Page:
Lynn Hoggard received her PhD in comparative literature from the University of Southern California and taught at Midwestern State University,
where she was professor of English and French and the coordinator of humanities. In 2003, the Texas Institute of Letters awarded her the Soeurette Diehl Fraser award for best translation. For several years, she was an arts writer for the Times Record News in Wichita Falls and wrote more than six hundred articles, features, and reviews. She has published five books: three French translations, a biography, and a
memoir. A poetry collection, Bushwhacking Home, is forthcoming from TCU Press in spring of 2017. Her poetry has appeared in 13th Moon, The Alembic, Atlanta Review, and many other publications.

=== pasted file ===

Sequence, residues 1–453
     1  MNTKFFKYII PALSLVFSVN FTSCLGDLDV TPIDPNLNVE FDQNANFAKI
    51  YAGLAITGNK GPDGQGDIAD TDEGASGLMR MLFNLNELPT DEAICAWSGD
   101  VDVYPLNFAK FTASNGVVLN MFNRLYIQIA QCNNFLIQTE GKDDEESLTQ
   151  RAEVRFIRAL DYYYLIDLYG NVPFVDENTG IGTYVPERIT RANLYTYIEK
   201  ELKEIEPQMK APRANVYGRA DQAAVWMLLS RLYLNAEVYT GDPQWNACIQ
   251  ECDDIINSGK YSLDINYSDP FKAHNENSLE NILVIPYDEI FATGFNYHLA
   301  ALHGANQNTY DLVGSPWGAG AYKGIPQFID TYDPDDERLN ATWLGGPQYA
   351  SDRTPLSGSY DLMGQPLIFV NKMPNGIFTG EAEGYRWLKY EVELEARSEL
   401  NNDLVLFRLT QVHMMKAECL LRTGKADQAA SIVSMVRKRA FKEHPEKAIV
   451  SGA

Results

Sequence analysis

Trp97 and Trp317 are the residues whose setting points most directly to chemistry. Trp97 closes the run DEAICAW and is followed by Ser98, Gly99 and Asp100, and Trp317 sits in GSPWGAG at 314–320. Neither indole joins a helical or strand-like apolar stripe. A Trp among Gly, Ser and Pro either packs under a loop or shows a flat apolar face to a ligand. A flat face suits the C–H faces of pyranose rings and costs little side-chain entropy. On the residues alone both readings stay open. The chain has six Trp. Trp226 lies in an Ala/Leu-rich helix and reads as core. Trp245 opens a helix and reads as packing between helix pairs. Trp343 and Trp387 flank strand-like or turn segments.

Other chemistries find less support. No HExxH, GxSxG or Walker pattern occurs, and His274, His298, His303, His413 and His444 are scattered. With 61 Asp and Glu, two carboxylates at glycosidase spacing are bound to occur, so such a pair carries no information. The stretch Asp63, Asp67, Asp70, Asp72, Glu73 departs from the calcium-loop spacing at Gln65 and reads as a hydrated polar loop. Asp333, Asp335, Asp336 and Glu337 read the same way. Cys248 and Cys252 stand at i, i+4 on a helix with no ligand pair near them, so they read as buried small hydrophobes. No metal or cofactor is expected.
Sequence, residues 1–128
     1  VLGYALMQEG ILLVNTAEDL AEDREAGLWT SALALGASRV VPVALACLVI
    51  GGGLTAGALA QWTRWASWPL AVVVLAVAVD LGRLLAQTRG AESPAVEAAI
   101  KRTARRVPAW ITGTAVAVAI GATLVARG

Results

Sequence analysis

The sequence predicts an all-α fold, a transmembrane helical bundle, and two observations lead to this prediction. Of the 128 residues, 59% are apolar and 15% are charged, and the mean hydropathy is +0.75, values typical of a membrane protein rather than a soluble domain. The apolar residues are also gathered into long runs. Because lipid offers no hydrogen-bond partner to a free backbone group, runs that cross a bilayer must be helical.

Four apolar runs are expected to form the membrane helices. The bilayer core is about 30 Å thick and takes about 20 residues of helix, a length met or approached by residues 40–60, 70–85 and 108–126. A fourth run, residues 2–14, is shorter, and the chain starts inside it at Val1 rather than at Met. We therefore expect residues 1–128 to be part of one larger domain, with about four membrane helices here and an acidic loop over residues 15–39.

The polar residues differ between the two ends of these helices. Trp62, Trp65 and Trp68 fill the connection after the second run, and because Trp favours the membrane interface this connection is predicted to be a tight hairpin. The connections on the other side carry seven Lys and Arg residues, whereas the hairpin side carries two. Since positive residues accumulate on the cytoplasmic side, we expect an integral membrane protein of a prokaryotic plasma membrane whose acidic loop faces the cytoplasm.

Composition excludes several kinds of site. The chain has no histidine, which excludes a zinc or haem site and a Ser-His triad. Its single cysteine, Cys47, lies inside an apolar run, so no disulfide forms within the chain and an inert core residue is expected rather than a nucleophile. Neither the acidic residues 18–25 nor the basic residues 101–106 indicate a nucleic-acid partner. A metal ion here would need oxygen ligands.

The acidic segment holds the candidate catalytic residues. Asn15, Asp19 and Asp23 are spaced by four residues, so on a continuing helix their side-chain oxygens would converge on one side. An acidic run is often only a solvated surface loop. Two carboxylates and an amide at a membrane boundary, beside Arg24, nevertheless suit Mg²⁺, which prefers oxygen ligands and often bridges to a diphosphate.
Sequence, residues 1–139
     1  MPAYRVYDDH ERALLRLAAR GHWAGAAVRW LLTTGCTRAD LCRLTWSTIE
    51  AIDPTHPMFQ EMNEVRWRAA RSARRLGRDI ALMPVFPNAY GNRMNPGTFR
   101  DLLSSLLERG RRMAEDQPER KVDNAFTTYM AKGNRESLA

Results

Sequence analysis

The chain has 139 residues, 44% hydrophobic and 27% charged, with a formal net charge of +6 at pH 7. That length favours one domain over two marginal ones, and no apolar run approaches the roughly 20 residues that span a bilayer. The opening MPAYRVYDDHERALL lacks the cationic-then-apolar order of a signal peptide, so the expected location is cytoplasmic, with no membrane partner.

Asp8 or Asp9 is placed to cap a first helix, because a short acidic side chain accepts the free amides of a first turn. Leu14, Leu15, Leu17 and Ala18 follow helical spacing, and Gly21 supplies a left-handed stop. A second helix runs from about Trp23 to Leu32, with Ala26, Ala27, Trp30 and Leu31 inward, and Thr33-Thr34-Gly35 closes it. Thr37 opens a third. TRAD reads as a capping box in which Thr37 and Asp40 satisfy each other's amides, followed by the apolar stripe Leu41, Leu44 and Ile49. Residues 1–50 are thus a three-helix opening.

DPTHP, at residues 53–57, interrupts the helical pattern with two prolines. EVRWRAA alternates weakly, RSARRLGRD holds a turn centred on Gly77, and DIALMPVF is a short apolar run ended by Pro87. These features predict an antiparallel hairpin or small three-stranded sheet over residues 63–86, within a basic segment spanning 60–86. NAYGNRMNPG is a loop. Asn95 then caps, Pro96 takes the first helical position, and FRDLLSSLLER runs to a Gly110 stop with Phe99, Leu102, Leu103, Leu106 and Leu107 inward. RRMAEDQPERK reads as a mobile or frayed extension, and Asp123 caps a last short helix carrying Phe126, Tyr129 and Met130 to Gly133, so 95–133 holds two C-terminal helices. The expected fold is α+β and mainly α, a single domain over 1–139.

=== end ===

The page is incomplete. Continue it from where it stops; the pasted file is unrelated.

In these blood-of-Christ mountains,
the artist remained so isolated
that he missed the Renaissance—
all its atmospheric perspective, its perfection
of the vanishing point, its rendering
the physical world divine.
This painter stayed rootedly medieval.
For him, beauty was not bait
to reel us into the material world.
Instead, matter acted like a membrane
through which the godly shines.
It shines through Peter’s face
as he looks down toward earth
in sadness and compassion, the giant key
to unlock heaven firmly in his hands.
Without a vanishing point tethering him to earth,
he floats in space, the background gone.
The saint, not someone to study,
now becomes someone we receive.
We are warmed in the painting’s golden glow—
a symbol of infinity beneath the martyr’s feet—
and touched by his flame-drenched robes.
Like cornstalks sprouting from his shoulders,
delicate wings surround him,
lovingly shaped like an almond.
We feel his tenderness toward our suffering.
We feel the holiness shining from his body.
We feel salvation rise from us like incense
as Peter’s wings reach down
and lift our souls to heaven.